- Any piece of music that conforms to your expectations of pop music (i.e. that said pop music be indelibly catchy, regardless of its content and/or trappings; expectations that overlap, but do not denote, Market Pop, which is a whole other kettle of fish) that—simultaneously—works to bring you out of your comfort zone (to “discomfit” someone is to make them uneasy, which can be done in myriad manners) and draws you into the purview of thought, however trivial or asinine or insipid or profound or deep or wondrous the thought may be.
Use In A Sentence: XTC, Swindon’s finest, have been purveying Discomfit Pop more or less from their inception in 1976, up to their untimely demise in 2006.
It never mattered the fashion—they more or less shed fashion after they stopped touring in 1982; becoming, as it were, nudists in the music scene—because nothing could tamp down XTC’s idiosyncrasies. It made them popular for a time. It’s the reason for their reverence.
We won’t say much more about XTC’s career here—about how they went from neurotic new-wavers to blissed-out studio pastorals and (by the end) polished—because it’s evident from the singles. Through this series, I’ll be pulling liberally from the Chalkhills website, which is as whole a fan site as I’d hope to see for a band this great.
But to get to the beginning. In the very beginning, XTC were coming off a stint as The Helium Kidz, a glam band heavily indebted to the New York Dolls, whose claim to fame comes from being featured as up-and-coming Roadrunners in NME. The original core of XTC was already there: Andy Partridge on vocals/guitar, Colin Moulding on bass, and Terry Chambers on drums.
These three (along with keyboardist Barry Andrews) would go on to become XTC. 3D Single was their first release, which was withdrawn and rereleased (more or less) as “Science Friction” b/w “She’s So Square.”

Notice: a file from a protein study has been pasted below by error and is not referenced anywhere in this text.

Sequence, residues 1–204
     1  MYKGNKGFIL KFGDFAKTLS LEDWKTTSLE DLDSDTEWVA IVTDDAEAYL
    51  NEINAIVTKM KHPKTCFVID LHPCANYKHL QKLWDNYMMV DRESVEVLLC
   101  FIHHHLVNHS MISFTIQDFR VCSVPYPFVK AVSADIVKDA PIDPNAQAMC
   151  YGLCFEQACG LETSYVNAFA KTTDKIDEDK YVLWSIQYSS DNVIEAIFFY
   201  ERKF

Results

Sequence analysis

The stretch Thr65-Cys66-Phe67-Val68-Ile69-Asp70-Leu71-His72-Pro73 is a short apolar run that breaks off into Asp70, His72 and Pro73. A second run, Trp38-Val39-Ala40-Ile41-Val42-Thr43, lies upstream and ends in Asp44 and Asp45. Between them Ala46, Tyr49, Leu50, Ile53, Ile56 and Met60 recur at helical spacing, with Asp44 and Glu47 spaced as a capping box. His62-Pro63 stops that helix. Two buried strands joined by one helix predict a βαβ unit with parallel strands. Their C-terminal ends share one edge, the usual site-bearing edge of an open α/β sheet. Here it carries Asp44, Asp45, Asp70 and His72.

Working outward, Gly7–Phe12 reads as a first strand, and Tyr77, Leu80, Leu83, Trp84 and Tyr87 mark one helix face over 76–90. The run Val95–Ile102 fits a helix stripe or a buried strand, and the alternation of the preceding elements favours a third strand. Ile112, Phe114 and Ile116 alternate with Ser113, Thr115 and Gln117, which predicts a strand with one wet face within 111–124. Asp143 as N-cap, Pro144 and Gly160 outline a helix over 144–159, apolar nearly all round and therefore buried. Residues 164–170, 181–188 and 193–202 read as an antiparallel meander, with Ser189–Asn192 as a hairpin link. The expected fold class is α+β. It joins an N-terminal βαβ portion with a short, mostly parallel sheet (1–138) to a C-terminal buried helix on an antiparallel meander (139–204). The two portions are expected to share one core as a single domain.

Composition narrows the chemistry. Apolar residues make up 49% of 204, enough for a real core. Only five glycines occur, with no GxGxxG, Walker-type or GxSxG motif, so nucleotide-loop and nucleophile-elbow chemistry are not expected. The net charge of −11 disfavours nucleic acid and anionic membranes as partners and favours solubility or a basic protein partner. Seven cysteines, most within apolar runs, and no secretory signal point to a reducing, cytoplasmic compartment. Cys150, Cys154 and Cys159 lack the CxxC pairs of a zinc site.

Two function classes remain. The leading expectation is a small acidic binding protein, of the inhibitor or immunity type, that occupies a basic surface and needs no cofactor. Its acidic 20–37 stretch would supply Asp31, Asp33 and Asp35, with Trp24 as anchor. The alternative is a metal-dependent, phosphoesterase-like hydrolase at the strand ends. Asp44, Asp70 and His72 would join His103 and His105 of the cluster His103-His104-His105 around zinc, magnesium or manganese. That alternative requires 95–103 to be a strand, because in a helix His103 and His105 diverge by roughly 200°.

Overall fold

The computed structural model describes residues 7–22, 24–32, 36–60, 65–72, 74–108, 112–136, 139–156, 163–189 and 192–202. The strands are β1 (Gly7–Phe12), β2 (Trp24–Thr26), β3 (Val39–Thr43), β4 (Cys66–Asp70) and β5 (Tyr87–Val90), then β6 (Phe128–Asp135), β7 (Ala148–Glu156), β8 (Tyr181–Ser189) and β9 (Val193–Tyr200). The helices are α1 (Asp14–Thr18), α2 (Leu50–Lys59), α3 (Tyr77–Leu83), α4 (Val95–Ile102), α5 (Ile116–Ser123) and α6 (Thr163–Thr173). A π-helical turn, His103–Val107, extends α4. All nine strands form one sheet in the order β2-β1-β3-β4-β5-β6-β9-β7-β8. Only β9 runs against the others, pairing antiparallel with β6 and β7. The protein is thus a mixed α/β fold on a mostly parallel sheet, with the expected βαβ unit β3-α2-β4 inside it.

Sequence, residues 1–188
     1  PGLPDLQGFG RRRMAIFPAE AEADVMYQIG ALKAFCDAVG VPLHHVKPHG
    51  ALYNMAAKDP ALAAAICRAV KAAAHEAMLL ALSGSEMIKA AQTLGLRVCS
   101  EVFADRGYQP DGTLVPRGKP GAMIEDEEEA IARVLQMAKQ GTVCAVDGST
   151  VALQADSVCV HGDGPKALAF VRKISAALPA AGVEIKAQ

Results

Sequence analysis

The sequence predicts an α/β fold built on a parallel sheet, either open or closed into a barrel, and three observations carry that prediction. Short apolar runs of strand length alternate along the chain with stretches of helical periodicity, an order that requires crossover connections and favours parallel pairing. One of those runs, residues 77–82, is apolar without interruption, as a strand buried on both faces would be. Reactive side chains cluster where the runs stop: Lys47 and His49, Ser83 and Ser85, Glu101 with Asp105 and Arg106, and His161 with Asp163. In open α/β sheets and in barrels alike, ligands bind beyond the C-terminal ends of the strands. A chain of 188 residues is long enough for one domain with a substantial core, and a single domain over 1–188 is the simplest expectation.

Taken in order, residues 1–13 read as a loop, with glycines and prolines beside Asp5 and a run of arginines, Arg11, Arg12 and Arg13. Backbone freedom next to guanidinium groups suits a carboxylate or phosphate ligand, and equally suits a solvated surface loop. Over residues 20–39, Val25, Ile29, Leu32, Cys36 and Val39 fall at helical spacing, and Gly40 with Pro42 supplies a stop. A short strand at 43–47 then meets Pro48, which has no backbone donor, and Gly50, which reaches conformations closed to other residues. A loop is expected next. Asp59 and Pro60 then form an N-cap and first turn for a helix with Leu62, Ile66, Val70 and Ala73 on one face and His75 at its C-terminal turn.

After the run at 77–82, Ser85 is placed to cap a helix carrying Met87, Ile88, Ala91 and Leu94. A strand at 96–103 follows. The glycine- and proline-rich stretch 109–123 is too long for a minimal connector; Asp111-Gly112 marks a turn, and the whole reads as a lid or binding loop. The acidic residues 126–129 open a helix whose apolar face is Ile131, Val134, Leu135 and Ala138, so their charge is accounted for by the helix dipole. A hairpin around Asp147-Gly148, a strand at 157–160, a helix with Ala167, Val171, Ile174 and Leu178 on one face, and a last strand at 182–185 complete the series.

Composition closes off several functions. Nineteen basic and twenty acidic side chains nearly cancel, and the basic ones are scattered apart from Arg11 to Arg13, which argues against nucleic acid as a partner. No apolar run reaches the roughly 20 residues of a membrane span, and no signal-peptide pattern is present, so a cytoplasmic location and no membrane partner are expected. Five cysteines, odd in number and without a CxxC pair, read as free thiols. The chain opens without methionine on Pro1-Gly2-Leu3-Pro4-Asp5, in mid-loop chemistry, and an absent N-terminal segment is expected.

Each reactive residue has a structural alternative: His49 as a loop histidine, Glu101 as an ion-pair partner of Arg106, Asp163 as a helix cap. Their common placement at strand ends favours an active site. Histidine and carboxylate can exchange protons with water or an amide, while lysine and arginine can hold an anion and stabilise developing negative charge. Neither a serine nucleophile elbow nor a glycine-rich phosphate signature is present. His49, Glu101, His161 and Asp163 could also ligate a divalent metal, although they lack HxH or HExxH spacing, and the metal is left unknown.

Look at these goofballs. Skinny, marmoreal under the light. In this video they look as they sound: nervy, just a bit nerdy (the lyrics reference comic books and Martians) and frenetic.
The crux of the song is Partridge’s agoraphobia or (more specifically) his siderophobia:
I look out of my window at night.
I see the stars and I’m filled with fright.
“The ale inside [his] head” doesn’t help Partridge’s uneasiness. He’s feeling the science friction and XTC makes us feel it too, with the razor-yowl guitars and staccato keys, to say nothing of the driving rhythm.
Compared to “Science Friction,” there’s almost a sense of decorum to “She’s So Square.” The girl in “She’s So Square,” wearing plastic boots and heavenly (that is today, dead?) hair, raving about the Yardbirds? She’s so, well, square, and the song delights in pointing this out.
Both songs allude to XTC’s larger career arc, but none of them typify the sort of band XTC was. Their Discomfit Pop was still green.
Addendum: check out the demo of “Science Friction” the band recorded for CBS; it’s slower, but it has some downright raw textures to it.
 Here’s what Partridge had to say about the song’s inception: “Freud would have a great time with me because as a youngster I actually had a fear of stars (astrophobia?) and would run home from cub scouts sweating and shaking in case I actually looked up.”